Friday, May 16, 2014

16/5/2014: Competitive Sports of Competitiveness Gains

Yesterday I posted my Sunday Times article on unemployment and skills:

Here is an interesting chart via BBVA Research on labour costs competitiveness gains across the euro 'periphery' and other euro states:

BBVA Research chart above is plotting changes in unit labour costs 2009-2013 and decomposing these gains in 'competitiveness' into productivity growth and earnings/wages cuts. Here Ireland is a shining exemplar of improved competitiveness.

Alas, there are some problems with this. Wages/earnings destruction is hardly a good way for regaining competitiveness, especially when this process is associated with sticky prices (real value of income declines). In Ireland's case, we had on top of the said reductions of the purchasing power of income, also higher taxation and extraction of rents by the public sectors and by the banks. All of this 'improved competitiveness' is, therefore, a wee-bit of pyrrhic victory for Ireland.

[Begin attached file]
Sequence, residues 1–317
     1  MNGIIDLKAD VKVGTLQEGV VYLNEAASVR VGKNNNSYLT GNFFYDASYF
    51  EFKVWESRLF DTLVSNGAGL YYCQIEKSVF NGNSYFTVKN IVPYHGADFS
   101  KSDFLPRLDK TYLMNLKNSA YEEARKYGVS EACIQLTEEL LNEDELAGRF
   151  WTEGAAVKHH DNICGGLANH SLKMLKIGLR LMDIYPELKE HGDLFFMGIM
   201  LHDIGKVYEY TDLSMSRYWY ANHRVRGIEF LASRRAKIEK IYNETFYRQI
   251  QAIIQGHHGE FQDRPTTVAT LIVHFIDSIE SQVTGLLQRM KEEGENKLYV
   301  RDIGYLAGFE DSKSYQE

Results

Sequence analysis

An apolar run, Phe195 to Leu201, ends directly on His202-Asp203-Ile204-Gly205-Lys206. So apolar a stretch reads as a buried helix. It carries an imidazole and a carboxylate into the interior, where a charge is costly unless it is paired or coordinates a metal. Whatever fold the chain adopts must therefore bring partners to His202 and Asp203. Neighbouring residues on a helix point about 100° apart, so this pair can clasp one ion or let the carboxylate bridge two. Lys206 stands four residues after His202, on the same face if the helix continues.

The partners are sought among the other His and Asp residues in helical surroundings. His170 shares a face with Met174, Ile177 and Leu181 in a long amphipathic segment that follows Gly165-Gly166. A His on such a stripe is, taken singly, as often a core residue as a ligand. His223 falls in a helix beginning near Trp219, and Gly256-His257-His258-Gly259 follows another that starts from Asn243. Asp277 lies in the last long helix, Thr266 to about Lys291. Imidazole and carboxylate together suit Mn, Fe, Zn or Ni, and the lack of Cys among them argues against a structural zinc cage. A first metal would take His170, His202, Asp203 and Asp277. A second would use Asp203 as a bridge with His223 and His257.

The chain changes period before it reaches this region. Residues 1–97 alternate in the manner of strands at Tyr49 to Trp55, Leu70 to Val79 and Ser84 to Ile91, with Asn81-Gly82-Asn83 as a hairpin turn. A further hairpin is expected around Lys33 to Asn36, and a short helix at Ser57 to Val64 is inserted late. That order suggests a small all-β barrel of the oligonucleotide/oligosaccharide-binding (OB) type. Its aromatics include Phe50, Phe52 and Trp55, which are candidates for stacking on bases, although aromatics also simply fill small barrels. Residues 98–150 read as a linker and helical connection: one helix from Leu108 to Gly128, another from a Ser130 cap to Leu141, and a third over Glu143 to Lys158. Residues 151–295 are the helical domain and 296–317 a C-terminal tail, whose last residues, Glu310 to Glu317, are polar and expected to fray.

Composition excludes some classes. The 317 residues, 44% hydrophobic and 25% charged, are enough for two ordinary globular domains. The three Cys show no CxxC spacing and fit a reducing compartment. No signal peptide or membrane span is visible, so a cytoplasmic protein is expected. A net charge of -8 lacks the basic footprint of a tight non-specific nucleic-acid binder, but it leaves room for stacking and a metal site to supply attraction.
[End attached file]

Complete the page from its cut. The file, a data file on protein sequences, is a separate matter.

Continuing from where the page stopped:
And then, of course we have our fabled increases in productivity. What happened here? Have we suddenly discovered major technological breakthrough that allow us to produce more using fewer resources? Err… not really. We took down construction and retail and domestic services sectors and reduced them to ashes. Highly labour-intensive, these sectors employed many producing lower value added than other sectors where few produce huge value added (much of it of course is superficial and accruing to the MNCs, but who cares in this land of magic competitiveness?). When we destroyed domestic sectors, we ended up with an economy producing less, but with even fewer people working. All the social welfare rolls swelling also fuelled our productivity. Of course, were we to fire everyone and just leave around one tax arbitrage P.O. Box in IFSC open, we will have miraculously higher productivity than anyone else in the world.

So where are we, really, if we take out all these superficial and even potentially self-destructive 'efficiency gains'? Probably closer to Portugal - a net gain in competitiveness of around 3-4%. Not bad, but not as wonderful as our heroic 9.5% gain.

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